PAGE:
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DOHA, Dec 2, (AFP): Iran’s Foreign Minister Mohammad Javad Zarif appealed Monday to Saudi Arabia to work with Tehran toward achieving regional “stability”, as he pressed a tour seeking rapprochement with Gulf Arab states. Zarif arrived in Doha after visits to Kuwait and Oman for meetings aimed at assuring top officials that a deal Iran secured with world powers on its disputed nuclear programme is in their interest.

During his stopover in the Omani capital Muscat, Zarif called on Saudi Arabia to jointly work with Iran to resolve regional issues. “I believe that our relations with Saudi Arabia should expand as we consider Saudi Arabia as an extremely important country in the region and the Islamic world,” Zarif told AFP on Monday. “We believe that Iran and Saudi Arabia should work together in order to promote peace and stability in the region.” Zarif also praised Oman’s role in last month’s negotiations between Iran and world powers including the United States that paved the way for the landmark nuclear deal. “We expressed our appreciation for the very central and positive role that the sultanate had played in facilitating these talks,” Zarif said after he met with Sultan Qaboos.

Later in Qatar, Zarif held talks with Amir Sheikh Tamim bin Hamad al-Thani, the official QNA news agency reported. They “discussed bilateral relations and means of developing them as well as matters of mutual interest,” said QNA, without giving details on the unscheduled visit. Unlike Sunni-ruled Saudi Arabia, locked in a decades-long rivalry with Shiite-dominated Iran, Oman maintains good relations with Tehran. Sultan Qaboos has acted as an intermediary between Western countries and the Islamic republic in the past few years. According to reports, the sultanate hosted secret talks between Iran and the United States in the lead-up to the six-month accord on Iran’s nuclear programme. World powers, Arab states of the Gulf, and Israel suspect Tehran’s nuclear ambitions include acquiring a nuclear weapon, a charge Iran vehemently denies.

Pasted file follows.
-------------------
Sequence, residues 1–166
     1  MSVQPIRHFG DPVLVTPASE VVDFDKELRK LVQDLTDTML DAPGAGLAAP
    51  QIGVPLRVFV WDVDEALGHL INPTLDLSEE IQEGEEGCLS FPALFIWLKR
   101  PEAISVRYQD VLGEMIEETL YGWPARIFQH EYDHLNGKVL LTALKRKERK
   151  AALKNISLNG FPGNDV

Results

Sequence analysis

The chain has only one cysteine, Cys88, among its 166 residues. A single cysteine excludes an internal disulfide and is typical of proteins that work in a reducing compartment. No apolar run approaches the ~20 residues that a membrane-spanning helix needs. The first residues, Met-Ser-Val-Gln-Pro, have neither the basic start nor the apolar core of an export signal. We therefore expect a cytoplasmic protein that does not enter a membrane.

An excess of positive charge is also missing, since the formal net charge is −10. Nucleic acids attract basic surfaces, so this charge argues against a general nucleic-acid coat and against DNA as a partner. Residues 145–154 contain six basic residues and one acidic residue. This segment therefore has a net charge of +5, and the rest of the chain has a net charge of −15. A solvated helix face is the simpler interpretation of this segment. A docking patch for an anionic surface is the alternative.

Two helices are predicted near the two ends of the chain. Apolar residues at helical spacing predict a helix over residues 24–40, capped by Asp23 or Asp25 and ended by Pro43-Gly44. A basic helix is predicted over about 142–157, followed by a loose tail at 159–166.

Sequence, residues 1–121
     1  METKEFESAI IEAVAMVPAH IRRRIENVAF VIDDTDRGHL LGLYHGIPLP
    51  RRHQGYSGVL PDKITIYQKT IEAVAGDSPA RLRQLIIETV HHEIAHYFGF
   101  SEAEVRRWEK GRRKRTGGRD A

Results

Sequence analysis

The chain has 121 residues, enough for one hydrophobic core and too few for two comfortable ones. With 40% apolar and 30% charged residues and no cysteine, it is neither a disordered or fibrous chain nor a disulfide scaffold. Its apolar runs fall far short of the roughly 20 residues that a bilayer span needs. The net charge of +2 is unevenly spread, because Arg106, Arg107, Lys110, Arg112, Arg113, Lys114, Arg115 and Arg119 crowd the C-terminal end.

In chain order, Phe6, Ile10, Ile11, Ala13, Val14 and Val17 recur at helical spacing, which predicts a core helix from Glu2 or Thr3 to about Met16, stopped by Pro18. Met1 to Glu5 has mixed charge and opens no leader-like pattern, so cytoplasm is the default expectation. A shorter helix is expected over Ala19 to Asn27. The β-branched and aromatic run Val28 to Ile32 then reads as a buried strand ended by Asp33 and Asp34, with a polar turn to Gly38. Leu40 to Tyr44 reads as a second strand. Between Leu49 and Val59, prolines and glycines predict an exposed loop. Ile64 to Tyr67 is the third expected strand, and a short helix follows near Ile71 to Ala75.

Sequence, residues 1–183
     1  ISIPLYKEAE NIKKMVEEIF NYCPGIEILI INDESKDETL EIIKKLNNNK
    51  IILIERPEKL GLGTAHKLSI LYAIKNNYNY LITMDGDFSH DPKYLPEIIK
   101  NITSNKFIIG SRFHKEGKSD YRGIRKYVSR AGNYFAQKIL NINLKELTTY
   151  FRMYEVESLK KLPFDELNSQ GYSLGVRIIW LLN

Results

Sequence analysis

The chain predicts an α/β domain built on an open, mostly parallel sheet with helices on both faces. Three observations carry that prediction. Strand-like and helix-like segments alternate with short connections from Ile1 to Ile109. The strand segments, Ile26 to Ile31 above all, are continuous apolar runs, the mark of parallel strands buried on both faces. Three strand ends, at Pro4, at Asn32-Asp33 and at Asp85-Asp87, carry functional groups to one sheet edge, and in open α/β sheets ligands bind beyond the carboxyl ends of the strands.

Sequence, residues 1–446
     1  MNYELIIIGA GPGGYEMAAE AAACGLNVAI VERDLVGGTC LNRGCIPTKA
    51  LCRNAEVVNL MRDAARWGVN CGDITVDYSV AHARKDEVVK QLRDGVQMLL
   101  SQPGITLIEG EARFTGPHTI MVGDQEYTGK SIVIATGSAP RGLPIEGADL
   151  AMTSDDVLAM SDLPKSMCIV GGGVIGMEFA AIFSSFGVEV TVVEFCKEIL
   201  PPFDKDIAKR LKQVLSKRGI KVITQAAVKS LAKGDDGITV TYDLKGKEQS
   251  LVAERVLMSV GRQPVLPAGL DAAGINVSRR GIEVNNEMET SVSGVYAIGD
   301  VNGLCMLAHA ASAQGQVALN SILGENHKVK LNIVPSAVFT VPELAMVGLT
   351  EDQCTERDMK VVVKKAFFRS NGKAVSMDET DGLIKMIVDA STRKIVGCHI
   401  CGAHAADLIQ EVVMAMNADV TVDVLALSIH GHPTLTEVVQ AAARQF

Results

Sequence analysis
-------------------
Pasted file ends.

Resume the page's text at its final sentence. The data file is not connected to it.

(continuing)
The nuclear deal reached in Geneva on Nov 24 was welcomed by the Sunniruled Gulf Arab states, which have long been concerned about Iran’s regional ambitions. But the Saudi government reacted cautiously, saying the deal could mark the first step towards a comprehensive solution for Iran’s nuclear programme, “if there are good intentions”. Zarif on Monday again voiced hopes to “soon” visit Saudi Arabia and the United Arab Emirates, whose foreign minister announced during a visit to Tehran last week that his government was ready to create a joint economic commission with Iran. “I am ready to go to Saudi Arabia, but it is just a matter of being able to arrange a mutually convenient time. I will visit it soon inshallah (God willing).” Gulf Cooperation Council foreign ministers, meeting in Kuwait City last week, expressed hopes that the interim deal would lead to a permanent agreement on Iran’s nuclear programme.

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